Questions about Ammons' degree spark war of words
URBANA — The husband of retiring state Rep. Naomi Jakobsson, D-Urbana, Saturday said that Carol Ammons should drop out of the 103rd District Illinois House race because she claims to have a higher education degree from what he called "a diploma mill."
Eric Jakobsson said Saturday that Ammons — with whom he serves on the Urbana City Council — claims a bachelor's degree in business administration from Walsingham University in London, and that "I have spent the last few days researching the university and trying to find any other explanation for it, other than it being a diploma mill. And I simply couldn't find anything."
Ammons issued a four-paragraph statement in response to Eric Jakobsson's charges in which she did not address his claim.
But in an interview, she said she believed she had a legitimate degree.
"I finished my online degree, like many of the universities that are doing online degree programs. As a mother, that's what I did," she said. "I did it while I was (raising) my children, getting my education and trying to run a small business out of my house."
She said "it took almost two years" to get her business administration degree from Walsingham and that she "absolutely" believed it is a valid degree.
A British government website (https://www.gov.uk/check-a-university-is-officially-recognised/overview) does not list Walsingham as either a "recognised" or "listed" body of higher learning.
In her written statement, Ammons accused her primary election opponent, Champaign attorney Sam Rosenberg, of participating in a "smear campaign."
Rosenberg said he knew nothing of Ammons' degree before being contacted by The News-Gazette Saturday afternoon.
"I think this is a very serious concern being brought to light by an Urbana City Council member. I can assure you Mr. Jakobsson did this on his own initiative and I had no part in his research. I would be willing to release my academic credentials, and I would hope my opponent would do the same," he said.
Ammons called herself a "fair person and an elected official, therefore, I will not be a part of a smear campaign or a negative campaign."
"I think the American people and the people of the 103rd District in Illinois have had enough of that type of fighting that gets us nowhere. I'd rather work to resolve the issues for the people as I've been doing for the past 13 years and the elements that are important in making Illinois a better place to live, strive and prosper.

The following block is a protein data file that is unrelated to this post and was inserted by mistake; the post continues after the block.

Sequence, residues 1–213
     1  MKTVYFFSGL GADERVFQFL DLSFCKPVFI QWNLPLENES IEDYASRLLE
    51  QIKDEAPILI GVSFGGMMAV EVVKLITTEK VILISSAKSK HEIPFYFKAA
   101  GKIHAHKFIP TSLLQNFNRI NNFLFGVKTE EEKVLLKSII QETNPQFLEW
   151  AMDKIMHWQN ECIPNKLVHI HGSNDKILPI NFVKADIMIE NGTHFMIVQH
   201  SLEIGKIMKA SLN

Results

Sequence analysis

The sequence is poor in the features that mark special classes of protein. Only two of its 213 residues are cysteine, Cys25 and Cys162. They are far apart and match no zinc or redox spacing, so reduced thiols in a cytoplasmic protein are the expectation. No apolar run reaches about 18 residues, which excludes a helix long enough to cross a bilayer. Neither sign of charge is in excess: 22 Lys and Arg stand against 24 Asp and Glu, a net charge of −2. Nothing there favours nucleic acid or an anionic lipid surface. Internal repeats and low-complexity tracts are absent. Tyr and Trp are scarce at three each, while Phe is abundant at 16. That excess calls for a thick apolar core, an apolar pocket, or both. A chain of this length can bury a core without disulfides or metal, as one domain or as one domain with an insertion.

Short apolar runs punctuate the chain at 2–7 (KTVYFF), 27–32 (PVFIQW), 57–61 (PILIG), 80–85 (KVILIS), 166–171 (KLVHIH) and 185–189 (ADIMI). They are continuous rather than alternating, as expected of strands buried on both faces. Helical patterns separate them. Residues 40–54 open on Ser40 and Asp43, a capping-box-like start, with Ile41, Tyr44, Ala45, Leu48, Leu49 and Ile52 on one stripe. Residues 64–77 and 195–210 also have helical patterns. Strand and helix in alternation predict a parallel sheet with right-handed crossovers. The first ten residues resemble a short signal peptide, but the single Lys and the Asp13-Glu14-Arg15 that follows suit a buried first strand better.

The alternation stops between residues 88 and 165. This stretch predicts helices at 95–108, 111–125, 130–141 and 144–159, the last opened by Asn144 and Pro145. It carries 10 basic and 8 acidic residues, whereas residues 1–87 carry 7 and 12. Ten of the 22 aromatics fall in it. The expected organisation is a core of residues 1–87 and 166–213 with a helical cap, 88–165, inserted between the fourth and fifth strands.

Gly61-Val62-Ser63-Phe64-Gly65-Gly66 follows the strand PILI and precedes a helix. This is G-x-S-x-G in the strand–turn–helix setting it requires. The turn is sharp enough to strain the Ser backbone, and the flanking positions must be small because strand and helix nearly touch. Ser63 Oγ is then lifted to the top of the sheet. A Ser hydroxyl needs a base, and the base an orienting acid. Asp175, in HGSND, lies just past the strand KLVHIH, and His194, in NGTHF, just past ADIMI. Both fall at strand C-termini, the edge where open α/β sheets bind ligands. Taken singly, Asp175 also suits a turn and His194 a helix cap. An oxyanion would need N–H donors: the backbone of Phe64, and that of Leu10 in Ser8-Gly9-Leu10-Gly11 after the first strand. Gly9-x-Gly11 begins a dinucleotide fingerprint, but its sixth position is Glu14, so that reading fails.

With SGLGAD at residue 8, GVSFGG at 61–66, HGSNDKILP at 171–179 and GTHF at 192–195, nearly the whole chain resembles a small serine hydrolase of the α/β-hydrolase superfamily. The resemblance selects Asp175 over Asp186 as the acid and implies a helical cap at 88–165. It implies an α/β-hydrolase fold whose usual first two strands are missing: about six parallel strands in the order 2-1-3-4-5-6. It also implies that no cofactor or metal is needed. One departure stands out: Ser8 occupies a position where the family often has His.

"On my opponent's website, he says that he doesn't want to practice politics as usual ... from his fundraising collection from the elites in Chicago, to now, what appears to be the beginning of a smear campaign, which has nothing to do with the problems that need to be resolved here in Illinois, I would say he is doing just that. Practicing politics as usual.
"I am ready to fight issues for the people rather than fight people in order to make issues, unlike my opponent. I'm looking forward to our debates and serving the people of Illinois in a fair and progressive manner."
Eric Jakobsson, who had already endorsed Rosenberg in the two-way Democratic race in the 103rd House District that includes almost all of Champaign and Urbana, said his criticism of Ammons "is not politics as usual.
"When I thought about the relationship between what she had done and the possibility that she would represent the district that has Parkland College and the University of Illinois in it, that seemed to me to transcend politics as usual," he said.
Eric Jakobsson said his wife, who still has about 11 months remaining on her state representative term, is staying out of the dispute.
"I'm doing this all on my own," he said. "I don't know what the reaction is going to be. Sometimes when you call attention to a flaw in a popular person, sometimes people get very, very angry. I really thought that the right thing to do was to take this on myself."
Walsingham University, according to its website (http://www.walsingham.ac/ABOUT_US_2.html), was founded in 1954 and offers "home-study correspondence courses to students wishing to pursue a programme in liberal arts studies," and that it provides "courses in a distance learning format. We currently service international students from 26 countries around the world."
Eric Jakobsson said Walsingham "has all the earmarks of a diploma mill.
"It's not like a legitimate correspondence school or online course at all. Typically these diploma mills don't exist as educational institutions at all," he said. "The fact that they have the .ac domain, which is the favorite domain for many, many diploma mills. The fact that they have same telephone number in the UK as Stafford University, which was a notorious diploma mill. The fact that when I tried to Google the administration and faculty who were named on their website I couldn't find any evidence that these people actually existed. All of these things together, it has all the earmarks of a diploma mill."
Jakobsson called on Ammons to drop out of the race.
"I think that she should step down from the campaign for the 103rd. I think her actions have disqualified her from being able to represent the university and Parkland College," he said. "One of the reasons I feel so strongly about this is because I've spent my whole career at the university, and diploma mills totally undercut and undermine and devalue what real institutions of higher education do, like Parkland and the University of Illinois. We just can't have someone in Springfield who doesn't value that."
Jakobsson said his relationship with Ammons on the city council has been cordial.
"There's not any friction. It's probably like everybody else on the council. I don't think there's anyone on the council with whom I have an identical voting record," he said, adding, "We often agree on things. There's absolutely no set of issues on the council that we have been at odds about."